8. 8. Calculating the credit equivalent amount CEA according to the Current Exposure Method Under this method we will need to know the Positive Market Value to reach the figure of CEA of the derivatives exposure (review the section of the Literature review) Off course under this method the CCF are different than the first method (the original exposure) Less than 3 Months between 3m - 1 year 1 - 3 years 3 - 5 Years over 5 years Total Total Notional 369,185,701,000 290,935,429,000 203,193,034,000 120,821,339,000 118,304,031,000 1,102,439,534,000 FX Derivatives 155,335,717,000 109,026,703,000 20,061,938,029 2,577,829,000 964,023,000 287,966,210,029 IR Derivatives 213,849,984,000 181,908,726,000 183,131,095,971 118,243,510,000 117,340,008,000 814,473,323,971 FX CCf 1,553,357,170 1,090,267,030 401,238,761 51,556,580 19,280,460 3,115,700,001 IR CCF 0 0 915,655,480 591,217,550 1,760,100,120 3,266,973,150 Total Exposure 1,553,357,170 1,090,267,030 1,316,894,240 642,774,130 1,779,380,580 6,382,673,150 Positive Market Value 7,422,828,000 CEA = Positive Market Value +Total Notional size of Derivatives 13,805,501,150 CEA / Total Notional Size 1.25% Notional Amount by Term to Maturity (UAE Dirham) We calculated the CEA under this method to conclude that the credit equivalent amount is 13,805,501,150 UAE Dirham or 1.25% of the Total Derivatives Notional Size, hence under this method the CEA is lower than the previous method Results Since there is no space to do all the calculations here, the results of all the calculations for all the banks are shown in below: Bank Name ADCB NBAD EMIRATES NBD First Gulf Bank Total Assets 204,019,463,000 376,098,712,000 363,020,991,000 212,168,501,000 Derivatives Positive Market Value 4,288,506,000 7,422,828,000 1,310,455,000 1,526,250,000 Derivatives Notional size 294,969,979,000 1,102,439,534,000 288,723,438,000 98,544,062,000 Derivatives Market Value / Assets 2.10% 1.97% 0.36% 0.72% Derivatives Notional size / Assets 144.58% 293.13% 79.53% 46.45% Credit Equivalent Amount (Original Method) only FX & Rates 2,329,052,458 21,221,970,581 7,100,413,010 2,160,817,930 Credit Eqivalent Amount (Current Method) All Asset Classes 569,468,375 13,805,501,150 4,020,140,515 2,478,570,099 CEA (Original Method) / Derivatives Size 0.79% 1.93% 2.46% 2.19% CEA (Current Method) / Derivatives Size 0.19% 1.25% 1.39% 2.52% CEA (Current Method) / Total Assets 0.28% 3.67% 1.11% 1.17%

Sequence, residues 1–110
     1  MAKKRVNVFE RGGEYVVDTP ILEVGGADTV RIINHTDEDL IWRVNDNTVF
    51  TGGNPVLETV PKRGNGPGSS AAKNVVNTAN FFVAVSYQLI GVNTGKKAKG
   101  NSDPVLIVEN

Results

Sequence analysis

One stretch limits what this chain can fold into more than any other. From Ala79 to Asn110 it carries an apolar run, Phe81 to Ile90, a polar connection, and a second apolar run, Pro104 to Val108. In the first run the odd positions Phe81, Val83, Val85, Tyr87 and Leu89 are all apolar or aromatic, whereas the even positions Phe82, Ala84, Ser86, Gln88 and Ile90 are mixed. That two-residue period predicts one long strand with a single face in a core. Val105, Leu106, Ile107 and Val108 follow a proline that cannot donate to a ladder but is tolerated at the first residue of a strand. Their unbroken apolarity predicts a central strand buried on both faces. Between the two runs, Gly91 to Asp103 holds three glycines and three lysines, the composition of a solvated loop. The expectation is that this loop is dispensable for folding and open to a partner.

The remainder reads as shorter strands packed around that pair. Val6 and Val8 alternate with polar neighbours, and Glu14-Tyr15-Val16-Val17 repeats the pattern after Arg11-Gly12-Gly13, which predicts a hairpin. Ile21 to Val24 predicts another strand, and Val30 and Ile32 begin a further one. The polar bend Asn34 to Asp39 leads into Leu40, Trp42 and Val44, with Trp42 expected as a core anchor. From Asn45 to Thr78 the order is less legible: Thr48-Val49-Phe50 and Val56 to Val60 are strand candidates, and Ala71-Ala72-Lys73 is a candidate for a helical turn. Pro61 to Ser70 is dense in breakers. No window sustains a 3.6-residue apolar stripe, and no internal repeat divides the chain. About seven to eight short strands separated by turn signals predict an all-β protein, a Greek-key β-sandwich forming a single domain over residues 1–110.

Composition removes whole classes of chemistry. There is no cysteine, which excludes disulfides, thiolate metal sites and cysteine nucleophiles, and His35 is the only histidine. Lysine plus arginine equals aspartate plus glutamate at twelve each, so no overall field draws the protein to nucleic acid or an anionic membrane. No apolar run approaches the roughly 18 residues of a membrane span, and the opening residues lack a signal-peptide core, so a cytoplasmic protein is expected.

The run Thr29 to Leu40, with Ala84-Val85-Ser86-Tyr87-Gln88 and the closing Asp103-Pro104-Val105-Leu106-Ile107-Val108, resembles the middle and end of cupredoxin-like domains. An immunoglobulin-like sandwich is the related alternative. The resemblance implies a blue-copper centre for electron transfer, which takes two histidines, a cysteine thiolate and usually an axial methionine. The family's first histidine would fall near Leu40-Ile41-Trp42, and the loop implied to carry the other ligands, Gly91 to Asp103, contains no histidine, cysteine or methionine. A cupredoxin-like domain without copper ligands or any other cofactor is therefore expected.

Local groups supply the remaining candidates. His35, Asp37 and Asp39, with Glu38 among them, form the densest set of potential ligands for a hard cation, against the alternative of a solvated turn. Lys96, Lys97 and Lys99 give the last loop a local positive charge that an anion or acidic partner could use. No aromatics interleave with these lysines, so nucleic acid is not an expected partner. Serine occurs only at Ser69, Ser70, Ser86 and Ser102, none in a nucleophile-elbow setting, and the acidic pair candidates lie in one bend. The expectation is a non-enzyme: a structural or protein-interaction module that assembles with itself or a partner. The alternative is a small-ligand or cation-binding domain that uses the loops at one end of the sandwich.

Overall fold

9. 9. Conclusion The Largest bank among these four banks in terms of total assets is NBAD, also NBAD has the biggest Positive Market Value for Derivatives and the biggest notional size of derivatives But when looking at each bank Assets (on balance sheets items) we will find that ADCB has the biggest % of On-Balance sheet derivatives among them, while NBAD Derivatives notional size of contracts is even exceeding the total assets of the bank (293%) which is almost 3 times as the size of their total assets. If banks are only holding Rates and FX derivatives it would be better for them to use the Current Exposure Method to calculate their Credit Equivalent amount as it would come back with lower figure hence they will need to hold less capital against it Finally ADCB credit equivalent amount of their derivatives compared to their total assets is the lowest (0.28%) and that is because 94% of their derivatives contracts have maturity of less than 1 year and they focus their derivatives on two asset classes (FX and Rates) since these two asset classes would require less Credit conversion Factor (CCF) References - Basel Committee on Banking Supervision International Convergence of Capital Measurement and Capital Standards, a Revised Framework Updated November 2005. http://www.bis.org/publ/bcbs118.pdf - Derivatives and Risk Management Made Simple –JP Morgan Bank Research - Credit Risk – Estimation Techniques, Crisil global research and analytics - Hirtle B. (2003): What Market Risk Capital Reporting Tells Us About Bank Risk, Federal Reserve Bank of New York, Economic Policy Review, September 2003 - National Bank of Abu Dhabi Annual Review 2014 - Abu Dhabi Commercial Bank Annual Review 2014 - First Gulf Bank Annual Review 2014 - Emirates NBD Annual review 2014 - Berkowitz, Christoffersen, and Pelletier (2009). “Evaluating Value-at-Risk Models with Desk- Level Data” Management Science, Articles in Advance, pp. 1–15. http://erm.ncsu.edu/az/erm/i/chan/library/pelletier-research-partners-2009.pd - Gulf Banks' Capital Positions Compare Well With Those Of Global Banks, Standard & Poor's, June 2012 - Guideline for Calculation of Credit Risk for Commercial Banks, Central Bank of Thailand Study - MENA - Alternative Investment Strategy 2015, Al-Masah Capital Research Study - The Relationship between Overcoming New Investors’ Fear in Investing in Derivatives in Stock Markets; And Revitalizing Stock Markets to Support Economies in the GCC, Ahmad Adel Mustafa, March 2014 - An Update on Worldwide Derivatives and Related Regulatory Initiatives, K& L Gates, Natalie Boyd, 2014